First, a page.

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Nahshon Aaron Council v. Utica First Insurance Co.

SUPREME COURT OF THE STATE OF NEW YORK Appellate Division, Fourth Judicial Department


October 1, 2010

NAHSHON AARON COUNCIL, PLAINTIFF-APPELLANT,
v.
UTICA FIRST INSURANCE COMPANY, DEFENDANT-RESPONDENT.

Appeal from a judgment (denominated order and judgment) of the Supreme Court, Onondaga County (Brian F. DeJoseph, J.), entered September 24, 2009 in a declaratory judgment action. The judgment, insofar as appealed from, granted the motion of defendant for summary judgment, declared that defendant is not obligated to defend and indemnify its insured and denied the cross motion of plaintiff for summary judgment.

Published by New York State Law Reporting Bureau pursuant to Judiciary Law § 431.

This opinion is uncorrected and subject to revision before publication in the Official Reports.

PRESENT: CENTRA, J.P., PERADOTTO, CARNI, LINDLEY, AND SCONIERS, JJ.

It is hereby ORDERED that the judgment so appealed from is unanimously affirmed without costs.

Memorandum

Plaintiff commenced this action seeking a declaration that, inter alia, defendant is obligated to defend and indemnify its insured, a nightclub against which plaintiff obtained a default judgment. In the underlying action, plaintiff sought damages for injuries he sustained during an altercation with an employee of the nightclub. Supreme Court, inter alia, granted defendant's motion for summary judgment dismissing the complaint in this action and denied plaintiff's cross motion for summary judgment on the complaint. We affirm.

At the outset, we agree with plaintiff that the court erred in determining that he failed to plead a cause of action for negligence against the nightclub in the underlying action. Plaintiff alleged that he suffered an "assault" and that the nightclub was "negligent." It is well settled that "an insurer will be called upon to provide a defense whenever the allegations of the complaint suggest . . . a reasonable possibility of coverage' . . . If, liberally construed, the claim is within the embrace of the policy, the insurer must come forward to defend its insured,' " and that is the case here (Automobile Ins. Co. of Hartford v Cook, 7 NY3d 131, 137; see Continental Cas. Co. v Rapid-American Corp., 80 NY2d 640, 648; Ruder & Finn v Seaboard Sur. Co., 52 NY2d 663, 669-670, rearg denied 54 NY2d 753; see also Melito v Romano, 160 AD2d 1081, 1082).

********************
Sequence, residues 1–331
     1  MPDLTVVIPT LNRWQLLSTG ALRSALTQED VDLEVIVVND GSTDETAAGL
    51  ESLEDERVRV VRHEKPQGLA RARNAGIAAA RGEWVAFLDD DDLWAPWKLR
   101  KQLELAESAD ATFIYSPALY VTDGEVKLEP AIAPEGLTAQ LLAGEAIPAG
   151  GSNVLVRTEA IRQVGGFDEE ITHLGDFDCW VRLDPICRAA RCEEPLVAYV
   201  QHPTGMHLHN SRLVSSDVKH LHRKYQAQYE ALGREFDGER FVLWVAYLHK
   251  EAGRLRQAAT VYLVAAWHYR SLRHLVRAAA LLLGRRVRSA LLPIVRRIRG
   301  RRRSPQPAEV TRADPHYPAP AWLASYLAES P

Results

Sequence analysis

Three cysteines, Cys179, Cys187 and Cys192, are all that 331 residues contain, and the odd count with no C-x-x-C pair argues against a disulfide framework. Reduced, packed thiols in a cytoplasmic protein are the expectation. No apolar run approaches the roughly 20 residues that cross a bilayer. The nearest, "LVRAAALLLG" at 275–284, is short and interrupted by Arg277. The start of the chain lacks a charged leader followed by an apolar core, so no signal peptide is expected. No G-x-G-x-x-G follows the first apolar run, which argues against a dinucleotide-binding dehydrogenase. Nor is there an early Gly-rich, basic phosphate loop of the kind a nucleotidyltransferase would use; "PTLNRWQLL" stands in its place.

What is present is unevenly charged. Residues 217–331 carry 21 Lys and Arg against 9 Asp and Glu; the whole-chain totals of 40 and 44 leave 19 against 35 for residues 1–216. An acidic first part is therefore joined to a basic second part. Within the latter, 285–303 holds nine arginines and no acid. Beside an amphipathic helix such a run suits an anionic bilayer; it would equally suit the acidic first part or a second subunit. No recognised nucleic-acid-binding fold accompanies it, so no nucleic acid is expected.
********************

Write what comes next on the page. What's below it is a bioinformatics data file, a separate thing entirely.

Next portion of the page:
We conclude, however, that defendant established its entitlement to judgment as a matter of law dismissing the complaint. Plaintiff testified during the hearing preceding the default judgment that he was injured when he was "tackled" by a bouncer at the nightclub during a discussion with the bar manager. Although plaintiff alleges that he was injured as a result of the "negligence" of the bouncer, the record demonstrates that the attack was an unprovoked assault, and thus the event falls within the "Assault and Battery" exclusion of the nightclub's insurance policy with defendant (see Mount Vernon Fire Ins. Co. v Creative Hous., 88 NY2d 347, 352; U.S. Underwriters Ins. Co v Val-Blue Corp., 85 NY2d 821, 822-823; Mark McNichol Enters. v First Fin. Ins. Co., 284 AD2d 964).

Contrary to plaintiff's contention, "[d]efendant is not estopped from asserting that its insured acted intentionally by virtue of the finding of negligence in the [underlying] action. Because the judgment was entered on default, the issue of negligence was not actually litigated in [that] action, and the finding of negligence therefore has no collateral estoppel effect" (Rourke v Travelers Ins. Co., 254 AD2d 730, 731; see Kaufman v Eli Lilly & Co., 65 NY2d 449, 456-457; Robbins v Michigan Millers Mut. Ins. Co., 236 AD2d 769, 771).

20101001

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